“The Light of Days” by Judy Batalion— Unknown Heroes

Batalion, Judy. “The Light of Days”, William Morrow; 2020.

Unknown Heroes

Amos Lassen

In “The Light of Days”, Judy Batalion brings us the stories of the accomplishments of brave Jewish women who became resistance fighters― unknown heroes whose exploits have never been totally chronicled until now.These women were witnesses to the brutal murder of their families and neighbors and the destruction of their communities. This is a group  of Jewish women in Poland, some of whom were still teenagers, who helped transform Jewish youth groups into resistance cells to fight the Nazis.

The women were courageous and had nerves of steel.  They paid off Gestapo guards, hid weapons in loaves of bread and jars of marmalade and helped in the building of systems of underground bunkers. They flirted with German soldiers, bribed them with wine, whiskey, false seductions and home cooking and shot and killed them. They bombed German train lines and blew up a town’s water supply and yet they nursed the sick and taught children. The most amazing fact is that until now they have largely remained unknown.

Writer Judy Batalion is the granddaughter of Polish Holocaust survivors. Through her words, she takes us back in time to 1939 and introduces us to Renia Kukielka, a weapons smuggler and messenger who risked death traveling across occupied Poland on foot and by train. Renia was joined by other women who served as couriers, armed fighters, intelligence agents, and saboteurs. They  all put their lives in mortal danger to carry out their missions. We follow them through the destruction of the ghettos, their arrests and incarcerations in Gestapo prisons and concentration camps. There were a lucky few (like Renia, who orchestrated her own audacious escape from a brutal Nazi jail) who survived and made it to the late 20th century and afterwards.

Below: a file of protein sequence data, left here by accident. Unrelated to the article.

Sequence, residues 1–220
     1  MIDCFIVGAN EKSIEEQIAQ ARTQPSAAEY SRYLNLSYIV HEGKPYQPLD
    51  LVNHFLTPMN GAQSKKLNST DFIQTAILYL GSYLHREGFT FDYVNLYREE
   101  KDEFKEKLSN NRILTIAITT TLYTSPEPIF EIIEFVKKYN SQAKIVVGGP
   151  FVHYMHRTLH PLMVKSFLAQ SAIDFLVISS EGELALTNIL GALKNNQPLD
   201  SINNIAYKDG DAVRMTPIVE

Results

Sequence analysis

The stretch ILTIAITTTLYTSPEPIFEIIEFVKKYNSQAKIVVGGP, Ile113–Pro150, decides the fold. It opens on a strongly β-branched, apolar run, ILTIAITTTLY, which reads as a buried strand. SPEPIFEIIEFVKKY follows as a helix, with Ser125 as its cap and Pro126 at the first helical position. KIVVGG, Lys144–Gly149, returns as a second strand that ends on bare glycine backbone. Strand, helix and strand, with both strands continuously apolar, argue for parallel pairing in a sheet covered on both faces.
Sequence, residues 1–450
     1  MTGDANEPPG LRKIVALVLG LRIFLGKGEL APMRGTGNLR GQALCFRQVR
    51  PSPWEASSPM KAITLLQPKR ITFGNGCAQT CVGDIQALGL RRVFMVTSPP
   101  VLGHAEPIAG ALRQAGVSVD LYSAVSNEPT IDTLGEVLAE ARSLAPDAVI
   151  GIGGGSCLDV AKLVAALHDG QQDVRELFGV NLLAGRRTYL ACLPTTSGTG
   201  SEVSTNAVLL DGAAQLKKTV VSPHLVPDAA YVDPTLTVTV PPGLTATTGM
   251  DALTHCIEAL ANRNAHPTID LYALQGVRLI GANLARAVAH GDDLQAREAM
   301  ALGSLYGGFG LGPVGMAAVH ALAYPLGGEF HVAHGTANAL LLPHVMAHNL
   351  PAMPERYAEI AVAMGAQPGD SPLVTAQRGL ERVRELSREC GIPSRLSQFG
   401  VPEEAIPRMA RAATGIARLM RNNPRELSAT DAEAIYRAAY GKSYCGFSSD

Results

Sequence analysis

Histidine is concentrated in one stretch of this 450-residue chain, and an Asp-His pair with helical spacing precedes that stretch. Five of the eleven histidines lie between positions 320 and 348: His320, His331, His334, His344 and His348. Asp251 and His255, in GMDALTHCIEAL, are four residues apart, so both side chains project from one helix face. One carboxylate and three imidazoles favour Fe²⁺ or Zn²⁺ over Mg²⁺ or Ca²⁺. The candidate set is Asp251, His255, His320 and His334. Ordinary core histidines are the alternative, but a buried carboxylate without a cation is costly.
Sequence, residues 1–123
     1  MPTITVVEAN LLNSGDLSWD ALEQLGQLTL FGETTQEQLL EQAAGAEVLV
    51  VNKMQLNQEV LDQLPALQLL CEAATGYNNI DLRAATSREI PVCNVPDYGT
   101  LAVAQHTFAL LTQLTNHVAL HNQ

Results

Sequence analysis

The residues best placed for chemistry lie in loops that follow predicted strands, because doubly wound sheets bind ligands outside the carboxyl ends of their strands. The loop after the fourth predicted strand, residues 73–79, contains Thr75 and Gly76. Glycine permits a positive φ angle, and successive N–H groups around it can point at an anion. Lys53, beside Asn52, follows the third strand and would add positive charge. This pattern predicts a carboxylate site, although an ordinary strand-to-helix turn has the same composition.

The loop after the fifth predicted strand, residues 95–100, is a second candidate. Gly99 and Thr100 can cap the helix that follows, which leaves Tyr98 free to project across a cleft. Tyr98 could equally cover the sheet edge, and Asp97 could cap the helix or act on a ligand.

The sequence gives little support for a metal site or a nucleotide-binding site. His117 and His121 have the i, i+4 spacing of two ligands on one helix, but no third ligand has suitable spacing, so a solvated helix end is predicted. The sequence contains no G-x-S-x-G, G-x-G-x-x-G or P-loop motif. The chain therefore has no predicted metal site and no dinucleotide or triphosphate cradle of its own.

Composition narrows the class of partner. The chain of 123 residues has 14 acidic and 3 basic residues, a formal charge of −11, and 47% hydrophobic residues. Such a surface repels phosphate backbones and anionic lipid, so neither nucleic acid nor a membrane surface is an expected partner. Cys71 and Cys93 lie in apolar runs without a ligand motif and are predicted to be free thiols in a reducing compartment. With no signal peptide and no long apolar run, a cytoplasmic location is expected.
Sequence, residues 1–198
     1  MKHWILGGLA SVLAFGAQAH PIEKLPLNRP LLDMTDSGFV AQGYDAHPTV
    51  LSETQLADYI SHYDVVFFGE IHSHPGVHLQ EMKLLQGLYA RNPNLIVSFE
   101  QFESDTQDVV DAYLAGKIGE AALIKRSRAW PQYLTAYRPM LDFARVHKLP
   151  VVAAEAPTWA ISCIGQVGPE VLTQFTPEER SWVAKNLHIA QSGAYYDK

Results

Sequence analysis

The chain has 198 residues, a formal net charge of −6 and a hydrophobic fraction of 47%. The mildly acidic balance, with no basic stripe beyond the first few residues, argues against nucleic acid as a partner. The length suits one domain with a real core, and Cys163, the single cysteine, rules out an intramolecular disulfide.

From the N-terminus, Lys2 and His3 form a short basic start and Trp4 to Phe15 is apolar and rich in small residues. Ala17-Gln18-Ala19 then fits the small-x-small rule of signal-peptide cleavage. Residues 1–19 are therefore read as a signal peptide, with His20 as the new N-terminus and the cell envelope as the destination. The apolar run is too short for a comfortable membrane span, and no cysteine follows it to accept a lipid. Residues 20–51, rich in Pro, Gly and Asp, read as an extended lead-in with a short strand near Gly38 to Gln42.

While doing research in the British Library, Batalion found an extraordinary book, “Women in the Ghettos” that was written in Yiddish and published in 1946. It contained the lost accounts of dozens of young Jewish women who fought in the resistance against the Nazis. Even though she  had grown up with stories from the Holocaust, she’d never read stories like these. These stories of Jewish women who fought the Nazis was unknown and the role of women in better-known partisan groups and resistance cells has not been fairly reported.

Using interviews, diaries, and other sources, Batalion gives us an objective view of past events that are just not known about or too quickly being forgotten. We learn about the natures of courage an honor and we are inspired, something we need right now so badly. Much of what we read here is revelatory. We realize that there is still a lot about the World War II era that we know very little about. The women not only had to fight the Nazis but the gender stereotypes that were part on the world in which they lived.

The book includes twenty black-and-white photographs that further illustrate the fight for freedom, bravery, friendship among women and survival in the face of tremendous odds.  

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